In its effort to preserve the past of San Francisco, the Historic Preservation Commission might just be hindering the city from having any kind of real future — one with affordable housing, good transit, and healthy redevelopment.
It was a good thing for San Francisco when voters in 2008 passed Proposition J — a measure pushed by then-Supervisor Aaron Peskin — which elevated the Historic Preservation Commission from an advisory body to one that wields real authority.
Just as there is such a thing as too much development, there can also be too much preservation. In the last year alone, historic preservation advocates have been running around town trying to mark libraries, buildings, trees, and parks as historic.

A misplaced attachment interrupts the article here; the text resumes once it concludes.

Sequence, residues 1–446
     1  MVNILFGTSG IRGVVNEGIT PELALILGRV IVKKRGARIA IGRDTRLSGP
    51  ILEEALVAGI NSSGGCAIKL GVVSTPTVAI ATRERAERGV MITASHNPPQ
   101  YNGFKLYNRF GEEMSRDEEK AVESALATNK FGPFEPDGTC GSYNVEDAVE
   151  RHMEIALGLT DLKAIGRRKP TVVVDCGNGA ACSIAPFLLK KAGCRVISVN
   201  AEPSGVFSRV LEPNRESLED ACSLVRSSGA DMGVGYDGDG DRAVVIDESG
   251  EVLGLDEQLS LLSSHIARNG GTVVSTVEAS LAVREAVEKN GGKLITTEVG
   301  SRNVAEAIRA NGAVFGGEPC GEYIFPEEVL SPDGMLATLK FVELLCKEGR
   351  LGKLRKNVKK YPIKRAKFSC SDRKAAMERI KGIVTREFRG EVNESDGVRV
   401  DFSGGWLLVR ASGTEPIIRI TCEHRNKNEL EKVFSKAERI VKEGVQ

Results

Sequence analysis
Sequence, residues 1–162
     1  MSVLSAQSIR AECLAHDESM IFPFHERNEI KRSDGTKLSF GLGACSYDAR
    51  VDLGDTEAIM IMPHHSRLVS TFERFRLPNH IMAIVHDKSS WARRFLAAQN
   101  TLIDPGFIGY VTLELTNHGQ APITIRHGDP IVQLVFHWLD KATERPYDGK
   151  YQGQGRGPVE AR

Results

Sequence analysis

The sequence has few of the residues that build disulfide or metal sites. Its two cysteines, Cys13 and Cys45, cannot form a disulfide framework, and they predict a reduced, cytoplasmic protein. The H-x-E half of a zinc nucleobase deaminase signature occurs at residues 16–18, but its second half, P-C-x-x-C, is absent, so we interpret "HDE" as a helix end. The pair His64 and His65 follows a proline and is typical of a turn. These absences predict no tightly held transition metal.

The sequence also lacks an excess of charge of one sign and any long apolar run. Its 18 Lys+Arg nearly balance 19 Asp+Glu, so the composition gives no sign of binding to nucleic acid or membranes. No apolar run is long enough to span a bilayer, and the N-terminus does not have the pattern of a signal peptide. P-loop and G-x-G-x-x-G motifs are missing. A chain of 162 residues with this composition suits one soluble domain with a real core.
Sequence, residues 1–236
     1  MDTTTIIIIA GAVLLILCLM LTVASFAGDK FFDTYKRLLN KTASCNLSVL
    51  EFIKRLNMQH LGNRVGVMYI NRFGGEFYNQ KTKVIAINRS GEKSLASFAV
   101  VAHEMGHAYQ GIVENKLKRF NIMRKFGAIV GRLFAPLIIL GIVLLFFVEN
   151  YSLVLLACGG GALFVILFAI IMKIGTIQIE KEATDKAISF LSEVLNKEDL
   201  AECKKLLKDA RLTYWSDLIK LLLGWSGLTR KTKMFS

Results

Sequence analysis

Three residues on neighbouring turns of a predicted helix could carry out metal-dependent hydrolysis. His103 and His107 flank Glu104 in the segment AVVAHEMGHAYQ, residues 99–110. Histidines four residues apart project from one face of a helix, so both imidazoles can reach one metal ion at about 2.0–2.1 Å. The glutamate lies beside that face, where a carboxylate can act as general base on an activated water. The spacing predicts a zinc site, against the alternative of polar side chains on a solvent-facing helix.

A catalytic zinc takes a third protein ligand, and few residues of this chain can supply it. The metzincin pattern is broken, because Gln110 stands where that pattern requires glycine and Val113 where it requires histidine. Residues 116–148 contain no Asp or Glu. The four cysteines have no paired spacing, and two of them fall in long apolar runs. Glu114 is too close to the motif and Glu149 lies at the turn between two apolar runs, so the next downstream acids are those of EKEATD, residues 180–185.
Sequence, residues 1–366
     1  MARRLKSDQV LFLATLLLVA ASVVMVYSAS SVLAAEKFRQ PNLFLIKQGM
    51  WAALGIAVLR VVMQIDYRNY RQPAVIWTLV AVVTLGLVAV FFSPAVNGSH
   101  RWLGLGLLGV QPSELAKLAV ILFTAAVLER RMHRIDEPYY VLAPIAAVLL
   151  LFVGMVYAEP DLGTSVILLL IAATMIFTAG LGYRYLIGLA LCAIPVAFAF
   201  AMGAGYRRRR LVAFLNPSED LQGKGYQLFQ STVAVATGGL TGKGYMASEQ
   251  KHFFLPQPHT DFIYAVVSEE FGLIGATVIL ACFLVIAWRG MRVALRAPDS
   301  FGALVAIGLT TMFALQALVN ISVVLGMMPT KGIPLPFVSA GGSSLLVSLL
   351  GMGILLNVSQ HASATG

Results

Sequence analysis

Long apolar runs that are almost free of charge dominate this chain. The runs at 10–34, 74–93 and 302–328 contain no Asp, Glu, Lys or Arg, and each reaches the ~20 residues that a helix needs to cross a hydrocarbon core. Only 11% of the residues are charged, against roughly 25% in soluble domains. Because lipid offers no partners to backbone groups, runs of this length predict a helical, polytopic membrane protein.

More recently, the city hired consultants to survey properties citywide and decide what they thought was historically significant. Consultants looked at buildings built more than 50 years ago, but as some developers pointed out, that doesn't necessarily mean they are historically significant.